Two years ago, the Florida State Seminoles entered the Orange Bowl as the nation’s No. 1 team and the defending national champions. Their mission on this Oct. 7, 2000 day was rather simple: beat an upstart Miami Hurricane team with a lot of talent. Of course, the Seminoles could not complete the mission, falling to the ‘Canes 27-24 that day, and thus beginning one program’s downfall and beginning another program’s upward climb towards the top.
Two seasons and a Miami Hurricanes national championship later, the teams hook up tomorrow afternoon in the Orange Bowl. The squads have reversed roles since the Oct. 2000, with Miami (5-0) playing the role of the heavily favored machine, while Florida State (5-1) looks to take a major step towards their resurgence back to the nation’s elite.
One might find the ironic nature of this setting to find reason to throw a red flag at the Hurricanes, but head coach Larry Coker won’t let any historical references change his team’s preparation for the contest.
“I think we have played better that way if we prepare the same each week,” Coker said. “Obviously it is Florida State, and you can’t put that in the background and hide that, it is a very important game for us. But we’re not going to prepare differently for Florida State than we did for Connecticut.”
The Hurricanes enter tomorrow’s game after their best showing in weeks, a 48-14 victory over Connecticut. Miami outscored the Huskies 42-0 in the first half, thanks in large part to the play of Willis McGahee, who’s three first half touchdowns helped boost his status as one of the premiere players in the nation. Of course, McGahee would like to credit his success elsewhere.
“I’m just having fun,” McGahee said. “I owe most all of it to my O-linemen, they open up the holes and do all the dirty work and I’m just running to the clean area. So, I have to give them all the credit.”
McGahee’s play this season has also opened the door for quarterback Ken Dorsey to spread the ball around even more. Dorsey has thrown 14 touchdown passes to six different receivers. The senior’s arm will be a major challenge for the young Seminoles secondary, who according to Coker, have tinkered their coverage this season.
“They have changed that style a little bit, I think this year a little bit more than in they have in past,” Coker said. “So I think we’ll probably see some of both, I think we’ll see some off coverage, I think we’ll see some zone and I think that they would like to get some long yardage and play a little bit more zone defense.”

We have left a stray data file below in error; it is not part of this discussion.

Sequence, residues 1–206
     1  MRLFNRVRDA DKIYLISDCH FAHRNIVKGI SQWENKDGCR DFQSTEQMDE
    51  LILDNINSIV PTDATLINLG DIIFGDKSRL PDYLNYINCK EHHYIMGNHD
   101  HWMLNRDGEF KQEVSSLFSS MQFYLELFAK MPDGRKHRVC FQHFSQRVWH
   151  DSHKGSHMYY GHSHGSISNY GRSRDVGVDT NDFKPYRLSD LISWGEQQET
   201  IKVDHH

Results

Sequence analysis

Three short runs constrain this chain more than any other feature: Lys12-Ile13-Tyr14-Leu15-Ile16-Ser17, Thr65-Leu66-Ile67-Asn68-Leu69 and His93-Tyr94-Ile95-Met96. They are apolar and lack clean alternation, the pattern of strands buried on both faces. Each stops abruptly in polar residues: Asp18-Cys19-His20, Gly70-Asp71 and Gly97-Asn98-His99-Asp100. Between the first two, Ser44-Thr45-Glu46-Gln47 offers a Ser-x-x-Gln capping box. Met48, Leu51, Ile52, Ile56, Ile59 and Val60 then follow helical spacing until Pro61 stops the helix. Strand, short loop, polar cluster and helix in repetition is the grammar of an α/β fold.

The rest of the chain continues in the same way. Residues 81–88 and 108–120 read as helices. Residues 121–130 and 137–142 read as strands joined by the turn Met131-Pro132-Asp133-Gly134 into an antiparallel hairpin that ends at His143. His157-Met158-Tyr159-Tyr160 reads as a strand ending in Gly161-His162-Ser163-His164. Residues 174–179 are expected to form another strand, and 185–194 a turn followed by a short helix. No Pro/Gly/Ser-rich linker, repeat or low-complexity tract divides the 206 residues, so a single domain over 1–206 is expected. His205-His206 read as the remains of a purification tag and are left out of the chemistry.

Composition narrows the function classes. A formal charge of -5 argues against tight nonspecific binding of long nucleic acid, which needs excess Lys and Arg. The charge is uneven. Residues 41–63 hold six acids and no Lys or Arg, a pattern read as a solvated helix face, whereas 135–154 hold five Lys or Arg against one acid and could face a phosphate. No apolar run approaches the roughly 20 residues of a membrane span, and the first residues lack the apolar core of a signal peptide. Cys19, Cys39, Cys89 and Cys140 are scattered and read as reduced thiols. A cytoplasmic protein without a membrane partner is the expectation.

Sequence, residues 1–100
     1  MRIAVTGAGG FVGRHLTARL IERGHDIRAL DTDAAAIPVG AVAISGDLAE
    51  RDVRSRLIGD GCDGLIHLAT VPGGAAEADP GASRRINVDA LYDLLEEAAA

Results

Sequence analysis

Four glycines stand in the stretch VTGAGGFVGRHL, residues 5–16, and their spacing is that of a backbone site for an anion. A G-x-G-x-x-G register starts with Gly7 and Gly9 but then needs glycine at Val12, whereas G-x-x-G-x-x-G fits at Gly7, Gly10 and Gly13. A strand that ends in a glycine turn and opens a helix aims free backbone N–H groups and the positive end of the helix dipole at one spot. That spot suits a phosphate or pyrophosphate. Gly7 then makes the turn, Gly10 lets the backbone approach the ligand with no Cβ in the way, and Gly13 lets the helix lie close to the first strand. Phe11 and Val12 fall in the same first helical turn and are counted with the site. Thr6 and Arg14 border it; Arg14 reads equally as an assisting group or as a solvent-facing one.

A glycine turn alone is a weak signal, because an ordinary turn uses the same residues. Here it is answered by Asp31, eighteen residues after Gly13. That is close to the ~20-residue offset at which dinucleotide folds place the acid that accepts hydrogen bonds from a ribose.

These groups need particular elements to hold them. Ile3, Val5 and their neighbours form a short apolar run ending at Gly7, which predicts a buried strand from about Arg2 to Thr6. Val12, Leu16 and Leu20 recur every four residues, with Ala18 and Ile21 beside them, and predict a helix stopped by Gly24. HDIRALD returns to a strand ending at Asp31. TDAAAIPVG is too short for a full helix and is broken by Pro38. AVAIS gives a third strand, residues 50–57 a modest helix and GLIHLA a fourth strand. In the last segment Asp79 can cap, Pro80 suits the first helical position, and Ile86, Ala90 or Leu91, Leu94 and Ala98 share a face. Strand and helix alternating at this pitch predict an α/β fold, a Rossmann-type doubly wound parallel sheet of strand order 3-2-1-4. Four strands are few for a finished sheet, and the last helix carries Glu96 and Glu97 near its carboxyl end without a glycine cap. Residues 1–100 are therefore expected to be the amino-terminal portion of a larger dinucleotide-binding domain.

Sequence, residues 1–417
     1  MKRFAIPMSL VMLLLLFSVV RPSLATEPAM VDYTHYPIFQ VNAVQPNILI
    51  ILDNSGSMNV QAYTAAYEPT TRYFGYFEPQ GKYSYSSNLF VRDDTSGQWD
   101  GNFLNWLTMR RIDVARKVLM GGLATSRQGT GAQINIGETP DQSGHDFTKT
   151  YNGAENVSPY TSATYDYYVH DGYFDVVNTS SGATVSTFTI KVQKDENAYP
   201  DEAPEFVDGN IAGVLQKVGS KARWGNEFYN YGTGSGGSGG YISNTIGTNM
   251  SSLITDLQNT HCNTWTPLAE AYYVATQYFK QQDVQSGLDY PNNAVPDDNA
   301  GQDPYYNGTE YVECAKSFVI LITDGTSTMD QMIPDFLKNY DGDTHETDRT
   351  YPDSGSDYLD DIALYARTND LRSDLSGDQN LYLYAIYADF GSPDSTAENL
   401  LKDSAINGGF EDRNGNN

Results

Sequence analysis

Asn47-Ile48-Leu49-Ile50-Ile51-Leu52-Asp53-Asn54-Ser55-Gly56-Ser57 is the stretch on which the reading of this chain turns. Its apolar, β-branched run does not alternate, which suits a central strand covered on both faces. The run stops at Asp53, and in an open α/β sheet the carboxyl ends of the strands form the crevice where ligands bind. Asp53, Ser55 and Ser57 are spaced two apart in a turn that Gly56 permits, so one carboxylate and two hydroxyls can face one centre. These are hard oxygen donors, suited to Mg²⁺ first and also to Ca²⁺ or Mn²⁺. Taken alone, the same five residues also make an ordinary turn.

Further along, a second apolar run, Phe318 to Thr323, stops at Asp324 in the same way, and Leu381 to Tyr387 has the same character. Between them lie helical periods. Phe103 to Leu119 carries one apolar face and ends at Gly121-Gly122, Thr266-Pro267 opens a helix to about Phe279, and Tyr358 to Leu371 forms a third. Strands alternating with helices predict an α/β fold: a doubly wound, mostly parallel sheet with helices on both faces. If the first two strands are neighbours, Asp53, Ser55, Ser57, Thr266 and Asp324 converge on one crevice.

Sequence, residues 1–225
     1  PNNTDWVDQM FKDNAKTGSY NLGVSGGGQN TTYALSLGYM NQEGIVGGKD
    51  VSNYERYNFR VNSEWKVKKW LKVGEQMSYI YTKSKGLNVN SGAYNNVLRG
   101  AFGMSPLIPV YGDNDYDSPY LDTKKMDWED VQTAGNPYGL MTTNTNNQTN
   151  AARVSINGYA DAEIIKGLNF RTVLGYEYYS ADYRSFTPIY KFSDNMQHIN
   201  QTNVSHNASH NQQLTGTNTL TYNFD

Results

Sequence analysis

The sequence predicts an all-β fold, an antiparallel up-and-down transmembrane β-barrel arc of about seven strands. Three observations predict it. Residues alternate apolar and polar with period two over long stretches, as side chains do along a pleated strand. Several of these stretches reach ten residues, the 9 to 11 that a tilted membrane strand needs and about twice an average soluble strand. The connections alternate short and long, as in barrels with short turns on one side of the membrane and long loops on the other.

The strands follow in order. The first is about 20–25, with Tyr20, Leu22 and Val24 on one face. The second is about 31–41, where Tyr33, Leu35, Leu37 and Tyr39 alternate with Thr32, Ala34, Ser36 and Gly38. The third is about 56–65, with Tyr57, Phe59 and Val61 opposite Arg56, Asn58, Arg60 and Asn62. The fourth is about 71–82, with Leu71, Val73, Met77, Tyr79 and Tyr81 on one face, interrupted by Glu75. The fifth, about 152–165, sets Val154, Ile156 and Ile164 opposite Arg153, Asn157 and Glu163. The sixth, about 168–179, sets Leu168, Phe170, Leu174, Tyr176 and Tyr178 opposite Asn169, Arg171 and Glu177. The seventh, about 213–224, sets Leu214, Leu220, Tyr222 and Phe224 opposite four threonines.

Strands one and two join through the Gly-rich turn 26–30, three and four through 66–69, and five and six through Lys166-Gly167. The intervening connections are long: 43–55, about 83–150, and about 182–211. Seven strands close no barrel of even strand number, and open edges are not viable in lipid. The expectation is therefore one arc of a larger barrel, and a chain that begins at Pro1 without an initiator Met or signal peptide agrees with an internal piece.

As for Florida State, offensive coordinator Jeff Bowden has assembled a more balanced offense in 2002. Sophomore quarterback Chris Rix has shown more consistency and better decision-making, completing over 57 percent of his passes, including nine touchdown strikes.
“I feel this is a big challenge for us,” said cornerback Antrel Rolle. “I feel that he (Chris Rix) will go out there and try and pick apart our secondary for weaknesses and we have to go out there and try and prove them wrong.”
Running back Greg Jones has emerged from the two-tailback system implemented at the beginning of the season, averaging better than 105 yards a game. The junior tailback comes off a 165 yard, three-touchdown effort against Clemson last Thursday.
“I saw that,” defensive end Andrew Williams said. “A lot of those guys weren’t using their feet or doing proper tackling technique. If we do that, we can stop him.”
The rest of the Miami Hurricanes squad is confident in stopping a talented but inconsistent Florida State attack. The Seminoles have shown a tendency to give up a lot of all-purpose yards, which was instrumental to the team’s loss at Louisville, and near defeat at the hands of Iowa State.
Although the outcome is far from certain, there will be a lot of intensity on both sidelines. The Hurricanes look to keep their national championship hopes and nation-long 27 game win streak alive, while a win for the Seminoles puts them back on the Fiesta Bowl map and settles some scores with the Miami program.
“We have a streak going also so we can continue to do well,” said tailback Jason Geathers. “We’re friends (with some of Florida State’s players), but come Saturday at 12 o’clock, there aren’t no friends. We’ve just got to go out there and do what we’ve got to do.”
You can reach Jeremy Marks-Peltz at firstname.lastname@example.org.